Investigative journalist and anthropologist Scott Carney has worked in some of the most dangerous and unlikely corners of the world. In the the first half, he talked about his explorations into cult psychology, and human organ trafficking in India, as well as the science that allows humans to push past their perceived limitations, achieve incredible feats, and endure extreme conditions. While directing a seven-day Buddhist meditation retreat in India, that included contemplating what it means to die, one of Carney's students, Emily O'Connor, ended up committing suicide on the last night of the program. In her journal, she wrote "I am a Bodhisattva," and she thought all she had to do was leave her body to become an enlightened being.
In the aftermath, in which various factions were clamoring for different parts of Emily's body, Carney was led down a twisted investigative journalism path, discovering "hundreds of people, buying and selling human body parts in India, whether it's skeletons, bones or kidneys." Subsequently, he investigated a cult in Arizona called Diamond Mountain, where the death of Ian Thorson, echoed some aspects of O'Connor's suicide and brought to light connections between intensive meditation and possible mental instability. He also detailed his most recent journalistic foray-- studying with Dutch fitness guru, Wim Hof, and learning to control his body temperature in extreme cold, culminating in a trek up snowy Mt. Kilimanjaro clad in nothing but a pair of shorts and sneakers.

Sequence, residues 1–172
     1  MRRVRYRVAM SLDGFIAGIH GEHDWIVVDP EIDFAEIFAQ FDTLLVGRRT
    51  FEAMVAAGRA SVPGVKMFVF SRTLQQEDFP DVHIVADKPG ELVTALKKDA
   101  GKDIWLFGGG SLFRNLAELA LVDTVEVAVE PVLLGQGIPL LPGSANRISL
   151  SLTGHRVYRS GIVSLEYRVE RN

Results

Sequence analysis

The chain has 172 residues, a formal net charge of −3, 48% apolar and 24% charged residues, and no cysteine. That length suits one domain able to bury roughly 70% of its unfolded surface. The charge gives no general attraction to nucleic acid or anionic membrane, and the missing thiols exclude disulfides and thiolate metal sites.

In the latter half, author, comic book writer, playwright, and writing teacher/lecturer, Jonathan Maberry discussed the movie that started the zombie craze, zombie subculture, folklore, monsters, Wolfman and more. When George Romero created his influential 1968 film "Night of the Living Dead" he had initially wanted to make "I am Legend," Richard Matheson's vampire apocalypse story, but the rights weren't available. Thus, he riffed on some of Matheson's ideas and changed the vampires into flesh eating ghouls, Maberry revealed. Romero recently collaborated with Maberry on a new anthology book, featuring stories that are set within a 48-hour period of when the original Night of the Living Dead took place, centered around a zombie outbreak at a farmhouse.
Zombies are a great set-up to a story, Maberry pointed out. Though they present a dire threat, the plot generally revolves around people in crisis rather than the zombies, such as in the hugely successful TV series, The Walking Dead. There are legends of flesh eating monsters in various cultures, he cited, such as the "draugr" in Scandinavia, a sort of ghost/zombie/vampire mix, as well as a flesh eating demon from the Middle East. Overall, there's been a great resurgence in horror writing, as well as horror-themed films, TV shows, and games, and Maberry attributes some of the rise in popularity to social media and people sharing their interests and enthusiasms online.
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